Legislative Update

Volume C, No. 6June, 2000

Judy West


On May 4 the New York State Legislature passed a $77.5 billion budget for 2000-2001, 5.6 percent higher than last year’s budget. Highlights include:

  • Income limits for coverage under the Elderly Pharmaceutical Insurance Coverage (EPIC) program will rise, to $50,000 for couples and $35,000 for individuals. This is expected to increase participation in the program from 115,000 people to 215,000 within the next three years. In addition, fees and co-pays will drop 20 percent.
  • The deduction for married couples who file joint tax returns will rise to $14,600 from $13,000, further offsetting the “marriage penalty.”
  • Aid to students at community and private colleges will increase. The Tuition Assistance Program maximum grant rises to $5,000 from $4,125, while family income eligibility climbs to $80,000 from $50,500. It’s estimated that this will bring an additional 30,000 students into the program. There will also be a $10,000 tax deduction for college tuition


On May 8 the New York City Guidelines Board gave preliminary approval for raising rents on one-year leases by 4 percent and on two-year leases by 6 percent. A 15 percent “poor tax” will be added to increases on apartments that rent for less than $500. A final vote is to be taken June 22.

With rents skyrocketing, tenant organizations brought hundreds of tenants to Albany late in May to lobby for the repeal of the Urstadt Law, which gives ultimate control of the city’s rent laws to state legislators rather than the City Council. Its repeal would end the vacancy decontrol system that is putting rents in Manhattan and parts of Brooklyn and Queens out of the reach of working people.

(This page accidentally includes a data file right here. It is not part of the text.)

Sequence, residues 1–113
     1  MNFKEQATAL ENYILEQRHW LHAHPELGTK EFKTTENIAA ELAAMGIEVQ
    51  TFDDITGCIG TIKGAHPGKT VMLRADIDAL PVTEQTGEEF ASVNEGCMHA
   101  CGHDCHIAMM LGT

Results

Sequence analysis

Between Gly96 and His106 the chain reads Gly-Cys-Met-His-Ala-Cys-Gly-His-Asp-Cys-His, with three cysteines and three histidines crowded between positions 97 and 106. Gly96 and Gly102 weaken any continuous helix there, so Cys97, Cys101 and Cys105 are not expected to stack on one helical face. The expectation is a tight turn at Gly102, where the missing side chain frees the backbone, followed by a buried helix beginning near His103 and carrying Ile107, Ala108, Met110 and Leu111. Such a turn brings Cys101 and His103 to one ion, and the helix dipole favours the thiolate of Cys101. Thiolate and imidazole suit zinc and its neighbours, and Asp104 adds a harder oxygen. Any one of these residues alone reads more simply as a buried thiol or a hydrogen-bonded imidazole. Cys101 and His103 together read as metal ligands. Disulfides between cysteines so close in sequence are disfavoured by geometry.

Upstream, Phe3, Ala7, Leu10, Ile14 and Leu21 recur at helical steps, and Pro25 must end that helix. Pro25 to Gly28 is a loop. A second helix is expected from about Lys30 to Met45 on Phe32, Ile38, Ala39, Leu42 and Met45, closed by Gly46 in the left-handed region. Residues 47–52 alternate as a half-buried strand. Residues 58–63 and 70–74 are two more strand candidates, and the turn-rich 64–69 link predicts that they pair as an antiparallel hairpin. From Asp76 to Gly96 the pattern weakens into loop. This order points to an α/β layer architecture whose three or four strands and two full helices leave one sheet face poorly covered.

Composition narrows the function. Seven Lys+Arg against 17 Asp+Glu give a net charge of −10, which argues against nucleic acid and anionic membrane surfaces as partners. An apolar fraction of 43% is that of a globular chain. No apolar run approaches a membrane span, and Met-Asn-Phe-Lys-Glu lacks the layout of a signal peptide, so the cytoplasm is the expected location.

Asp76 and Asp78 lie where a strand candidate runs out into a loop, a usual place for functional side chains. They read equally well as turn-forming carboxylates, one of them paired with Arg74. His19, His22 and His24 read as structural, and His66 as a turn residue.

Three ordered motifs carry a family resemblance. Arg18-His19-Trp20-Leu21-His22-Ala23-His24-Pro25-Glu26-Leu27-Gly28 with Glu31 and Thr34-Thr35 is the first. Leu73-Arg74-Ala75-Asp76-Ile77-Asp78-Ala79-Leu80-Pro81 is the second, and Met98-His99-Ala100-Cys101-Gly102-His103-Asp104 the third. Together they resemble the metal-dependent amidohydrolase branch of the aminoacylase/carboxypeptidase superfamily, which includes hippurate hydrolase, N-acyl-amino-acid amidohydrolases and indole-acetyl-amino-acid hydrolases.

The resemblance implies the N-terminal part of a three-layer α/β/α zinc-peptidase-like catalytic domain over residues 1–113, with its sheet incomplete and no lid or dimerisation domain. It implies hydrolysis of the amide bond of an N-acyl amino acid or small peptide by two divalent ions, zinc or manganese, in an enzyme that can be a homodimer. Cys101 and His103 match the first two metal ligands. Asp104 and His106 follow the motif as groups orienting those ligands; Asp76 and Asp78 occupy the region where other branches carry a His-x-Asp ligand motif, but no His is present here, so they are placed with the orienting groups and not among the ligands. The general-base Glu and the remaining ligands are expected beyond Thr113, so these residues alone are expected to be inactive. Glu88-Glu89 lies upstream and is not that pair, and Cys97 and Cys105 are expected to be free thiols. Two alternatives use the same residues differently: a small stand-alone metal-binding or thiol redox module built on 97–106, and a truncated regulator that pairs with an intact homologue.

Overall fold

Mother’s Day marches in Washington, D.C., and across the country brought hundreds of thousands of mothers and other gun control advocates into the streets, declaring “Enough is enough!” The turnout reflected huge support at America’s grass roots for curbs on the sale of deadly weapons, and the possibility of transforming the politics of gun control.

Rep. Jerry Nadler (D-N.Y.) has introduced several bills in Congress:

  • HR-2916, the Handgun Licensing Act, would require states to establish handgun licensing, and require individuals to obtain a state license to purchase handguns. Federal law already prohibits certain individuals from owning handguns, but enforcement provisions are inadequate.
  • A companion bill, HR-2917, would require state-based handgun registration, which would create a system to track when weapons are bought and sold. States would face deep cuts in their federal crime funding if they failed to implement such a program.
  • Nadler has also introduced HR-1809, to prohibit the importation of dangerous firearms that have been modified to avoid the ban on semiautomatic assault weapons.

A package of gun safety bills has been introduced in the New York State Senate by Martin Connor, Richard Dollinger and Eric Schneiderman. It contains 13 separate bills, each addressing a specific area of regulation and control – such as the design of the weapon, a manufacturer’s code of conduct, a ban on assault weapons and restrictions on who may possess guns. Elected officials worked with gun safety advocates in drafting the legislation, which is aimed at making life safer for New Yorkers, and at protecting children from loaded firearms.